8. Belinda, as a mental health professional and as a mother of a young man with severe OCD, this post resonates in me so powerfully. To share this story is an incredible service and a tribute to your open and honest spirit; to live this story takes more courage and steadfast love and commitment than most folks even imagine. I'm wishing you and Alex the very best and keeping my fingers crossed that they might have some new treatment ideas to explore. And I also know that the brain is a quirky and complex thing and I've seen reversals that are as sudden and inexplicable. Hang in and hang on.

  9. Rooting for you, rooting for Alex, and rooting for the Mayo Clinic. Come on, Universe, let's chalk up a win for the good guys already.

    Hugs, and hoping for a path to improvement for y'all.

  10. Sending prayers, love and all of the hope in the world.
    I pray that you can find some peace in the midst of this.
    I love you guys!
    I hope that they find an answer for Alex.

  11. I can't tell you how many times I've left a doctor's office crying because they've said, "Good news! Everything appears normal." I'd rather have a diagnosis. Good, bad, any diagnosis. I'm not trying to say I know how you feel, because Alex's symptoms are 100x worse than anything I've had to endure, but I have an inkling. I wish you hope and strength, and a diagnosis and treatment. Keep fighting the fight. Alex is so fortunate to have you as his advocate and protector.

  12. I'm praying that, at the very LEAST, some answers come out of this. Please, please, please let me know if I can do anything to make any of this easier on you. I can go pick up Bella from school, or run errands, or bathe Ninja Poodles, or clean, or whatever you need me to do. I know how you are about accepting help, but like you said..you can't do it all yourself. Love you.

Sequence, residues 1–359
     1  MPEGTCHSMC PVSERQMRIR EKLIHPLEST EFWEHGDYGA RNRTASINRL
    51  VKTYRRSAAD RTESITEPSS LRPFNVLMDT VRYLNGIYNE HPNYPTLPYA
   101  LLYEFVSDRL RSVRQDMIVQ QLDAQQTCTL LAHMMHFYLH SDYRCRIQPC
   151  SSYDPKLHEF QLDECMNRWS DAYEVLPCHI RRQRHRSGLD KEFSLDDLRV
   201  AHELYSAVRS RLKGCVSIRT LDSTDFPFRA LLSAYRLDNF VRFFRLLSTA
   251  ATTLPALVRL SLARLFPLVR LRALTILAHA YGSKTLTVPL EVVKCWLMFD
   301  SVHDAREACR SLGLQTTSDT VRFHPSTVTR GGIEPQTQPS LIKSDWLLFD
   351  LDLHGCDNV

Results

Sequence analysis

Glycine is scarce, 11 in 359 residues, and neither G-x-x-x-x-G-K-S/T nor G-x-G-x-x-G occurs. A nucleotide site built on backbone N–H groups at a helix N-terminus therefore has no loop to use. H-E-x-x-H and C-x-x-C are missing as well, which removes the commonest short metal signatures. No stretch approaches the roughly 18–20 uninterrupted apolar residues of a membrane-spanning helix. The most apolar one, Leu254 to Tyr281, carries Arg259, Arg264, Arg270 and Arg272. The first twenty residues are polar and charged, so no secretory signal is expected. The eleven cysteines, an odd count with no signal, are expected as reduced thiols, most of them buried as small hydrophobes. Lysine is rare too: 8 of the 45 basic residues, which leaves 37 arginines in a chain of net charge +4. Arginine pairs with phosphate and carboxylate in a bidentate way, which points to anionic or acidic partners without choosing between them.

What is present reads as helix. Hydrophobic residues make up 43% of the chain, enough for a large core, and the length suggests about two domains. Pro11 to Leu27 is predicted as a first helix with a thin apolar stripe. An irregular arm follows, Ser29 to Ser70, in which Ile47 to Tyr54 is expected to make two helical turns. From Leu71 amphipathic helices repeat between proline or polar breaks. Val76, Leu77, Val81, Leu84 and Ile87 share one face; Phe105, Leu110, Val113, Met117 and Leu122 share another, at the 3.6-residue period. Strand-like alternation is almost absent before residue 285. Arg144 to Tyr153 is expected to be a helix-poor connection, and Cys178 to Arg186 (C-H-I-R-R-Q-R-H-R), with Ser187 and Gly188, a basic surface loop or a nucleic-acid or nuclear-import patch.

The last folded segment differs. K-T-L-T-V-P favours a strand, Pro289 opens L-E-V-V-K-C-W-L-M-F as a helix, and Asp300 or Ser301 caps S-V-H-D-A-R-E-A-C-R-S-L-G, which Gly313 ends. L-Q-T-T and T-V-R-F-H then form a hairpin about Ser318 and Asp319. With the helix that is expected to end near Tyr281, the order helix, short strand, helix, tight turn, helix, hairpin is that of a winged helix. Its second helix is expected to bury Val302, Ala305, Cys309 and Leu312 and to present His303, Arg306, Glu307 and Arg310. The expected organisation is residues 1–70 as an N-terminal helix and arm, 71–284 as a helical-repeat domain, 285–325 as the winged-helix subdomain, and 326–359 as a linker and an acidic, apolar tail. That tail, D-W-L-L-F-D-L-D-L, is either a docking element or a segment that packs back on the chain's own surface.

13. B,
    I know it's hard when you seem to be constantly banging your head against the hospital wall. It seems the only thing worse than a bad diagnosis is no diagnosis at all. Please know that I love you. I hope you can at least get some answers while you are there.

  14. belinda, i am loving you so hard right now. i totally agree with the people who've suggested you write a book, with the prayers and encouragement, and especially with melissa kennedy - if i were within an hour's drive from you i wouldn't take no for an answer (and i fold a mean sock).

    i don't want to repeat the ethereal things - i could for days and days and still feel i hadn't said them enough - but i will say this: i hurt for you. thank you for letting so many of us have the opportunity to send specific thoughts and prayers your way. can i tell everyone i know, too? you never know what fruit may fall into your lap when you ask the sky for prayers...

    love love love,

    (previously of jen and andrew, aka beagles in the city, aka the crazy girl in baltimore with beagles and a new boyfriend who can't understand why i'm crying over a woman i've never met and reassuring him - seemingly apropos of nothing - that if anything ever happened i'd still be here for him)